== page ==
Katharine Hepburn is known for her brisk style and independence, but with that independence has come an aura of impenetrability. The kind of tough, spirited, self-contained women she has portrayed on film is how she has presented herself in real life too, and until now, nothing written about her — either by others or by herself (especially by herself) — has revealed an inch about who the real woman is. I love the old girl, but when, in her autobiography, she shrugs off any examination of feelings with a breezy ”Hey ho!” or some such Hartford Yankeeism, I think, Hello, is anyone home? Biographer Barbara Leaming’s great accomplishment in KATHARINE HEPBURN is to make the Great Kate come alive as a regular woman and to tell that story with an empathy and acuity desperately rare in the biographies of stars.
You know she’s on a fresh track when Leaming, who has also written thoughtful studies of Bette Davis, Rita Hayworth, and Orson Welles, begins two generations back, with the suicide of Hepburn’s grandfather Fred. Suicide and its effects, Leaming posits, are the threads that baste Hepburn’s psyche together. Hepburn’s mother grew up to be a forceful feminist who passed those qualities of self-sufficiency on to her daughter. But one of Katharine Hepburn’s uncles gassed himself in a car, another flung himself out a window. And it was she who found the body of her brother Tom hanging from a rafter.
This, Leaming gently suggests, is the key to Kate’s heart. Chary of losing another man she loved, she chose men who were conflicted and whom she could be conflicted about (such as the married director John Ford who, the author implies, is the man Hepburn should have been with) or men who could be cold (including Leland Hayward and Howard Hughes). Her one husband, Ludlow Ogden Smith, who adored her, bored her.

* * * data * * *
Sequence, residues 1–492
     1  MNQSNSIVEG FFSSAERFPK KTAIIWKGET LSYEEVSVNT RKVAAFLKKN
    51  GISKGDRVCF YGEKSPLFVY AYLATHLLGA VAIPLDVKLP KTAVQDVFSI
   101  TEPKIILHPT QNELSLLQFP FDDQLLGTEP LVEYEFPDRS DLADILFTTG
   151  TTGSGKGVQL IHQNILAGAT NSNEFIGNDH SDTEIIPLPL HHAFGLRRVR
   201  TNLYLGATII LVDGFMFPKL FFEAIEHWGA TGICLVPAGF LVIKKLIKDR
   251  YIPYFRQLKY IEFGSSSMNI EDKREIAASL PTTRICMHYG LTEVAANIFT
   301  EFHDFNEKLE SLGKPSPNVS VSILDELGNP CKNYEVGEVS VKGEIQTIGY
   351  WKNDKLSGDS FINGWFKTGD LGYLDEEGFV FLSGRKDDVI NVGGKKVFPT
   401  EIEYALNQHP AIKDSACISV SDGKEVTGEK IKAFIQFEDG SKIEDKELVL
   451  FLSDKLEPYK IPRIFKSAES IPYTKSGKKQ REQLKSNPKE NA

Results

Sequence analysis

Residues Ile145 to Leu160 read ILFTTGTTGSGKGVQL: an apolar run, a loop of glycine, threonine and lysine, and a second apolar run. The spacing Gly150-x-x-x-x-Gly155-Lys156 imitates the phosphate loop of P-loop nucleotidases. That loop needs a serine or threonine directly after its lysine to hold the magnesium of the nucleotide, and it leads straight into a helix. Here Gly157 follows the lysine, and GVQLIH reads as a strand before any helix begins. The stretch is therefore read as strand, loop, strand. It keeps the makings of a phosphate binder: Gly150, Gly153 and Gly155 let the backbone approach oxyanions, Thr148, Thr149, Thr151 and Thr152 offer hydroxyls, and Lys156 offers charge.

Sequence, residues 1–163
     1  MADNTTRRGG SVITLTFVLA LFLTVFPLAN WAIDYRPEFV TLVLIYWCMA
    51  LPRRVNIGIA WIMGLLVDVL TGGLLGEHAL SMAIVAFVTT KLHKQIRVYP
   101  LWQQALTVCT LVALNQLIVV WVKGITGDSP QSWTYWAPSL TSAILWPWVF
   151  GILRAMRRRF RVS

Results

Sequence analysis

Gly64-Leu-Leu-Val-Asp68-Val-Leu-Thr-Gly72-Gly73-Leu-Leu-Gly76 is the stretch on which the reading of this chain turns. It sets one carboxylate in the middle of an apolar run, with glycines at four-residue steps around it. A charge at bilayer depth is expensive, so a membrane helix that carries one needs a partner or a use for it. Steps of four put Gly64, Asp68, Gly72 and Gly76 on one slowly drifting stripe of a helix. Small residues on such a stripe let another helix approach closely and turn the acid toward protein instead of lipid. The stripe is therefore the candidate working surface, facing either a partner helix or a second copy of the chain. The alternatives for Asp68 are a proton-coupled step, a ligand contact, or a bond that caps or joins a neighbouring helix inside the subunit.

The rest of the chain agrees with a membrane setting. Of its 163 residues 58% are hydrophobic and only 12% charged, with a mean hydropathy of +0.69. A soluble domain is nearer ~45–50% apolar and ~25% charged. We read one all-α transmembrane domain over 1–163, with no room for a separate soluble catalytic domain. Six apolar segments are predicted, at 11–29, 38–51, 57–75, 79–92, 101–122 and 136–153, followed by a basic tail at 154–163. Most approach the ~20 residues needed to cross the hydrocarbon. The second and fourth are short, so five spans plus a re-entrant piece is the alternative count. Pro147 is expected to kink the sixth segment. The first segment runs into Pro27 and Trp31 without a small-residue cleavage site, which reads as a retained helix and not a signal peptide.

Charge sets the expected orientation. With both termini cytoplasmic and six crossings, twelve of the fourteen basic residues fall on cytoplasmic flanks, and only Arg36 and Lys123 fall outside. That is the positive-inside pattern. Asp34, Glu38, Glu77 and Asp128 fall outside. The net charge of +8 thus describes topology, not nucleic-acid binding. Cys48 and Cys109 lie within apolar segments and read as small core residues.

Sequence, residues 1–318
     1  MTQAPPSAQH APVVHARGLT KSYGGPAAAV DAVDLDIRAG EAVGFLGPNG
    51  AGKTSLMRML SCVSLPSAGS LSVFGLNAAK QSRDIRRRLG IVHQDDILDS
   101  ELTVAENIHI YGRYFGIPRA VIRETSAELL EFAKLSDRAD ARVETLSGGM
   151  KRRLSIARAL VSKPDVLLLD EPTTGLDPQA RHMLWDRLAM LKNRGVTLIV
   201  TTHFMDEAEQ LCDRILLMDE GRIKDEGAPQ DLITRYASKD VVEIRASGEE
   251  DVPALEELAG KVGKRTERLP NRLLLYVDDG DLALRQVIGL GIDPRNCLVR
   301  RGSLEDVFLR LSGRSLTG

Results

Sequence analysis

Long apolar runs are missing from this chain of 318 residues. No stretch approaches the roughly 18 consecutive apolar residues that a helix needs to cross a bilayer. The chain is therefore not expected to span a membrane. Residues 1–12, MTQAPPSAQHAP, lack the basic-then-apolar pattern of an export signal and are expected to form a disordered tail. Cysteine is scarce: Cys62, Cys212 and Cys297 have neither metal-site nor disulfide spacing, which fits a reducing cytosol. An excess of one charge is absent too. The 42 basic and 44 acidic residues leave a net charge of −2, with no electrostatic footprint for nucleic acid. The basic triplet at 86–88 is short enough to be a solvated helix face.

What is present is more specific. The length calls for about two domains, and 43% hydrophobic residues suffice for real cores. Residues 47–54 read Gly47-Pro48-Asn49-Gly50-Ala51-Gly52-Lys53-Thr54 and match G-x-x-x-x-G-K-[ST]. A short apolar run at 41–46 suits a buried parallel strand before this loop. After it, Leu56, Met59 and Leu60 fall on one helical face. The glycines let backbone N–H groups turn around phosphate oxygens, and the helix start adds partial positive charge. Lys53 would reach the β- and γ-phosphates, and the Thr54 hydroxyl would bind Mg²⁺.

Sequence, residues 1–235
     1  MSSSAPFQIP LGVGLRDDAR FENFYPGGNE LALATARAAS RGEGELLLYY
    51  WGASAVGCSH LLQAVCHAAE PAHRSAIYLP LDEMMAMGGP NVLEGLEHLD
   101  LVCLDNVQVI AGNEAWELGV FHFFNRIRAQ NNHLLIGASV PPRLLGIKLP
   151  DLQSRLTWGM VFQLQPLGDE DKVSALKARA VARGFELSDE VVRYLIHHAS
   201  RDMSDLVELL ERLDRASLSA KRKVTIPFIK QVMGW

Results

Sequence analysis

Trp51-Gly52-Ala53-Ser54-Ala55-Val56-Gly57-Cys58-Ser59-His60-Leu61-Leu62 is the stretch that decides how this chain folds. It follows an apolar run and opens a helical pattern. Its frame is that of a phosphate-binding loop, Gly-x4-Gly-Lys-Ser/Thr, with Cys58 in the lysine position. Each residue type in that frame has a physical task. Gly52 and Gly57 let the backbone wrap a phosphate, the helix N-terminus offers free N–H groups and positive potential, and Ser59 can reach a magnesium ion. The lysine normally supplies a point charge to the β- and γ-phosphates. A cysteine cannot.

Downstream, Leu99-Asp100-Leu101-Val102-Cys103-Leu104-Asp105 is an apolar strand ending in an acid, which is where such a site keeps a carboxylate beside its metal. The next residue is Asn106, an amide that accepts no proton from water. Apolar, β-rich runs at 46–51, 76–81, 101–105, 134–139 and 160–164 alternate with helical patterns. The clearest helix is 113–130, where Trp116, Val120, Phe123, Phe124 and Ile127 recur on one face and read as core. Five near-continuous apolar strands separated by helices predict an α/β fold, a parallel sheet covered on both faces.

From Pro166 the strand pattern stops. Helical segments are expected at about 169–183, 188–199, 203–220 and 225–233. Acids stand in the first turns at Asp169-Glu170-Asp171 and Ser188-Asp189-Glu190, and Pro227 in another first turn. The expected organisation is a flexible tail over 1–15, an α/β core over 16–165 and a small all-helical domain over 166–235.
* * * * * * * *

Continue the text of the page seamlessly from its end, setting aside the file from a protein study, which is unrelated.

And then there was Spencer Tracy, her great acting partner, the great obsession of her life, and, as Leaming paints him, a selfish, married, manipulative alcoholic. ”Tracy signaled his need for Kate loud and clear when he drank with particular ferocity during the filming of Tortilla Flat,” Leaming writes. ”He did not want Kate to go off [to act in a play], but he would never say something like that directly. Instead, he made her fear what would happen if she left him.” And the desperate Hepburn — the proud feminist, who had always lived in fine style the way she wanted to, and taken lovers as she preferred — turned her life upside down in deference to him.
Katharine Hepburn reads with the style of a rich novel. Yet it’s a life the author is talking about, that of an extraordinary woman who, in movies from Little Women and The Philadelphia Story to Adam’s Rib and The African Queen, established a definition of modern femininity never before seen on screen and now regularly copied. That the brisk ”Hey ho!” exclamations turn out to hide deeper pains is no shame. It is, indeed, a chance to connect with the rest of the human race, and Leaming does her subject a great credit by unfolding her human side. A